Passengers Start To Disembark Cruise Ship

Passengers start to disembark cruise ship

Passengers aboard a cruise ship south of Tokyo have finally started to go home, after spending two weeks in quarantine.

NHK World's Haruka Nouchi reported from Yokohama Port.


It's been much busier here at Yokohama port than we've seen in recent days. Passengers started disembarking late this morning. They're being ferried to a local train station by bus. Others who are still on the ship have been watching this unfold from their balconies.

About 500 people are expected to be taken off the vessel today.

Officials say all passengers who test negative for the virus and meet a few other conditions should disembark by Friday.

NHK spoke with a few passengers who say they're happy the ordeal is over.

A 71-year-old male passenger said, "It feels like I've been away from Japan for a long time. I just want to go home and eat Japanese food."

An 82-year-old man said, " I was scared every time I heard them announcing more infections. Talking to friends on the phone kept my spirits up."

When the ship arrived earlier this month, it was carrying about 3,700 people. Since then, over 500 infections have been confirmed on board.

The Health Minister says the quarantine was a necessary response to the cruise ship's landing request.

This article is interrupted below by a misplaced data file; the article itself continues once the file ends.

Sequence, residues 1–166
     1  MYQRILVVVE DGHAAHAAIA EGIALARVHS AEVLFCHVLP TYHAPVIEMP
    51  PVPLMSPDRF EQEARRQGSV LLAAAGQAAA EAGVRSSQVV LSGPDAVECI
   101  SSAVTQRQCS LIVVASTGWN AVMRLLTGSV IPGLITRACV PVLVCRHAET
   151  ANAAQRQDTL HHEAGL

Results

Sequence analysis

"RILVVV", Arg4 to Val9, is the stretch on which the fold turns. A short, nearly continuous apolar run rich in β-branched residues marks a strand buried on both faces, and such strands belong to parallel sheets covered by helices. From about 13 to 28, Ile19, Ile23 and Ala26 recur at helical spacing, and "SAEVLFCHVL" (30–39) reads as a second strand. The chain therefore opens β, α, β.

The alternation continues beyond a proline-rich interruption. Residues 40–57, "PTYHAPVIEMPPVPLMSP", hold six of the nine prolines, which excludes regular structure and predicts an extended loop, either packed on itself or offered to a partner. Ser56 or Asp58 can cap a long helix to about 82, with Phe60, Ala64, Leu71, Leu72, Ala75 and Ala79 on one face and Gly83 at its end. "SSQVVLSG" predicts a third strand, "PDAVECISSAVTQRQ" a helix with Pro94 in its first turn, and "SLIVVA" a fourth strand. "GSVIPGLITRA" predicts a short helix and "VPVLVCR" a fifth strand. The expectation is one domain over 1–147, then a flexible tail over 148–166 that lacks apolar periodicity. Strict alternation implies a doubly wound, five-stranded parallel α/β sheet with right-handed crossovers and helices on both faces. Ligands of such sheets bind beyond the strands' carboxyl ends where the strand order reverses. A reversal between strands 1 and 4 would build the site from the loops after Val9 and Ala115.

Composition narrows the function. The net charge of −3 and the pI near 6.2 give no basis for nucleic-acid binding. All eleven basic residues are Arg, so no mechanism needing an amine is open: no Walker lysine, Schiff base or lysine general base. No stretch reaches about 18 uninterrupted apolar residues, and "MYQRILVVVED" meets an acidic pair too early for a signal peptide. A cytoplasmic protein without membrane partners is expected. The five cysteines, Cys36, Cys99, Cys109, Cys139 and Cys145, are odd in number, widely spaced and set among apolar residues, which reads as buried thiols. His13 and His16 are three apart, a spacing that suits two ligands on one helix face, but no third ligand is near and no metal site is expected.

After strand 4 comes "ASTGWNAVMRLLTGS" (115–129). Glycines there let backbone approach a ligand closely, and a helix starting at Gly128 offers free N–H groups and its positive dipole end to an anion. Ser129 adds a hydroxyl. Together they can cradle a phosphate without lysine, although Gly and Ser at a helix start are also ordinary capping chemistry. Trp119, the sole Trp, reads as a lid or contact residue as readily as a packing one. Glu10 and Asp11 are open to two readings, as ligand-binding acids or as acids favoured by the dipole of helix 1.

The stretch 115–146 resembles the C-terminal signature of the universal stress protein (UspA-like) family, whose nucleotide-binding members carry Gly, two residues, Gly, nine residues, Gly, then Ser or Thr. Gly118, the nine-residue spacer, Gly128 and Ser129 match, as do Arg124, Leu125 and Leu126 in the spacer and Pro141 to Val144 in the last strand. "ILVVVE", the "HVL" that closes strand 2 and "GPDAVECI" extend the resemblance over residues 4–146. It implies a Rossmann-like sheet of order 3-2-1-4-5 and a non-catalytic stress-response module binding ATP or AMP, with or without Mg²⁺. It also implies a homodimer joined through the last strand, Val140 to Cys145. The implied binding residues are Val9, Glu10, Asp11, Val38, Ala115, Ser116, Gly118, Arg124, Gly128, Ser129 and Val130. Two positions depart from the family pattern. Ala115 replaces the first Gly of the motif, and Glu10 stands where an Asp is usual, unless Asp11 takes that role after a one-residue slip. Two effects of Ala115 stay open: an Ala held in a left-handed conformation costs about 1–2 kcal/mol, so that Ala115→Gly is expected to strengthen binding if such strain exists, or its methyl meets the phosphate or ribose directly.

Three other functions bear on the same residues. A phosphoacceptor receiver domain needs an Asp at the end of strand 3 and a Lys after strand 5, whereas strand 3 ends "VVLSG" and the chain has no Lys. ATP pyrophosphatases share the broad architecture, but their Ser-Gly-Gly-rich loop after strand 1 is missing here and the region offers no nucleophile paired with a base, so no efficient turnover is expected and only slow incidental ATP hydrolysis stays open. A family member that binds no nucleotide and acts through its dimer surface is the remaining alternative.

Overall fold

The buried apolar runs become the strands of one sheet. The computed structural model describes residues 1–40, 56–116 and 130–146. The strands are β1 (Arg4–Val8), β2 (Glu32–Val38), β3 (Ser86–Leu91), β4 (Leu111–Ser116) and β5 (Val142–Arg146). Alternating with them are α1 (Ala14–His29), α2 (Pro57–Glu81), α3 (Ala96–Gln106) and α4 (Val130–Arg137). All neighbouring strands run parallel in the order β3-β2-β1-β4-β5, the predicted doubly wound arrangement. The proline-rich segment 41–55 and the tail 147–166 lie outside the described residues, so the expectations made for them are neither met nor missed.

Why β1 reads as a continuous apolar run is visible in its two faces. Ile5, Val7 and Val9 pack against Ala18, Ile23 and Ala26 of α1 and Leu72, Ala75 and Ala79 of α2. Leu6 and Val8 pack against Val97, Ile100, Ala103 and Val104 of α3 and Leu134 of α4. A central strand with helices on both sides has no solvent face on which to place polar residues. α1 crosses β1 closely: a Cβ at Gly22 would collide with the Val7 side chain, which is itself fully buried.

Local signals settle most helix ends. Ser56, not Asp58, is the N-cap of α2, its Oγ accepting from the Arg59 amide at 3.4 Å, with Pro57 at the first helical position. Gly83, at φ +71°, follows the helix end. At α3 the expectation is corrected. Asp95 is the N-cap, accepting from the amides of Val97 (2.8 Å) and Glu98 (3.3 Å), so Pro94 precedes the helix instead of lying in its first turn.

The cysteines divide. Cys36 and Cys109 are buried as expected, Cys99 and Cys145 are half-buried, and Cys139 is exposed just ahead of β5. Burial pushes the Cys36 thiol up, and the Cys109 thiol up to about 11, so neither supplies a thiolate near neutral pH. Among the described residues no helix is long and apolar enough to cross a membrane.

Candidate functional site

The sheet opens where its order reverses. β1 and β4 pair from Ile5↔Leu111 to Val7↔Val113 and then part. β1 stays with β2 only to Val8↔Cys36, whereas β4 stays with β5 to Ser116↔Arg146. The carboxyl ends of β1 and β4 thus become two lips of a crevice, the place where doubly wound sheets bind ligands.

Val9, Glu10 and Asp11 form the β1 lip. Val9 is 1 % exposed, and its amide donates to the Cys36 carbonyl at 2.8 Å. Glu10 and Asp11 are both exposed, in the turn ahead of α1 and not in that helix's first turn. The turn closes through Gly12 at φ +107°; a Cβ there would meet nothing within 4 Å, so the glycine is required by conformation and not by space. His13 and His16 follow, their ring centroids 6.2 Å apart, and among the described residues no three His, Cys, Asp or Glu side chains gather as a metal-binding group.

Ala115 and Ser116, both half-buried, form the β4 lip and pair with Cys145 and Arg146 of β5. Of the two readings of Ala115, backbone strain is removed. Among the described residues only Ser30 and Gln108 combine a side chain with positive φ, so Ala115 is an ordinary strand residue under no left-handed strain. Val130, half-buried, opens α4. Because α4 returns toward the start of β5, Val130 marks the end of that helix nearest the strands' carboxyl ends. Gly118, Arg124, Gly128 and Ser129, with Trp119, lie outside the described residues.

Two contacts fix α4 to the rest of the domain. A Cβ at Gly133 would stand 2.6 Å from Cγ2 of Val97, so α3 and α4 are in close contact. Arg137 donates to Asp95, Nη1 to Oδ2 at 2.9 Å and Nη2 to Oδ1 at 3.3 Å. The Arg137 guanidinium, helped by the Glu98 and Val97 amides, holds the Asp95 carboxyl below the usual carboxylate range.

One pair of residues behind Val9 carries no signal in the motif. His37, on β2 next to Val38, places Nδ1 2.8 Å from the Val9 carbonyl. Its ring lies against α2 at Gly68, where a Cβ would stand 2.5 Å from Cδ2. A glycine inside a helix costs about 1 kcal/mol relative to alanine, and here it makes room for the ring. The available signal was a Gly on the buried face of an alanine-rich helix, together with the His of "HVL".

But some foreign experts have criticized the decision to keep everyone on board. One Japanese expert who assessed the ship told NHK that measures to prevent infections fell short. He said crew members weren't doing enough to protect themselves.

Japan's top spokesperson is defending how the government handled the situation.

Chief Cabinet Secretary Yoshihide Suga said, "The government has done its utmost to ensure the health of the passengers and crewmembers by minimizing the risk of infection on the ship. We have carried out tests prioritizing those with symptoms and the elderly and have transferred them to medical facilities when necessary."

Suga added that allowing passengers to disembark was based on an experts' opinion that people should be allowed if they were quarantined, showed no symptoms, and tested negative for the virus.

More and more governments say they will evacuate their citizens after they leave the ship. The US was the first to do so on Monday, followed by South Korea.

But Health Ministry officials say residents of Japan who leave the ship are free to return home. They will be contacted by phone for several days to check on their health.